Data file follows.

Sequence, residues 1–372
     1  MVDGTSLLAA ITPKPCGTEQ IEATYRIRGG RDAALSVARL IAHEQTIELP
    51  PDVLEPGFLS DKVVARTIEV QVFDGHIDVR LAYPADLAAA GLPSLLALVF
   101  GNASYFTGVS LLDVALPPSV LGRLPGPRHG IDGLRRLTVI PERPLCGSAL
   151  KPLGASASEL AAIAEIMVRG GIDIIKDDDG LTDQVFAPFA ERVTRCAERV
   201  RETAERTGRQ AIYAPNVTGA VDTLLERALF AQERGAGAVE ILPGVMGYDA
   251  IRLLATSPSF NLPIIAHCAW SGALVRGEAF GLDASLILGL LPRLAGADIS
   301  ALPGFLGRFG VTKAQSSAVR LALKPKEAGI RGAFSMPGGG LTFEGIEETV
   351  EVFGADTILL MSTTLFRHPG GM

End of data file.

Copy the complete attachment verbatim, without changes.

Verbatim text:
Sequence, residues 1–372
     1  MVDGTSLLAA ITPKPCGTEQ IEATYRIRGG RDAALSVARL IAHEQTIELP
    51  PDVLEPGFLS DKVVARTIEV QVFDGHIDVR LAYPADLAAA GLPSLLALVF
   101  GNASYFTGVS LLDVALPPSV LGRLPGPRHG IDGLRRLTVI PERPLCGSAL
   151  KPLGASASEL AAIAEIMVRG GIDIIKDDDG LTDQVFAPFA ERVTRCAERV
   201  RETAERTGRQ AIYAPNVTGA VDTLLERALF AQERGAGAVE ILPGVMGYDA
   251  IRLLATSPSF NLPIIAHCAW SGALVRGEAF GLDASLILGL LPRLAGADIS
   301  ALPGFLGRFG VTKAQSSAVR LALKPKEAGI RGAFSMPGGG LTFEGIEETV
   351  EVFGADTILL MSTTLFRHPG GM